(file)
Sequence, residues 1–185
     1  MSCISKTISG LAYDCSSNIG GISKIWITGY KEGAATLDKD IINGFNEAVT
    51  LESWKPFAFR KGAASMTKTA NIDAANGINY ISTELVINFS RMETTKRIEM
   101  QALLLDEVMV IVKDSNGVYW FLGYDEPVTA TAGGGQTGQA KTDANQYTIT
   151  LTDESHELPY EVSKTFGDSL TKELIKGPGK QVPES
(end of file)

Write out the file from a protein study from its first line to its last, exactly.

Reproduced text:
Sequence, residues 1–185
     1  MSCISKTISG LAYDCSSNIG GISKIWITGY KEGAATLDKD IINGFNEAVT
    51  LESWKPFAFR KGAASMTKTA NIDAANGINY ISTELVINFS RMETTKRIEM
   101  QALLLDEVMV IVKDSNGVYW FLGYDEPVTA TAGGGQTGQA KTDANQYTIT
   151  LTDESHELPY EVSKTFGDSL TKELIKGPGK QVPES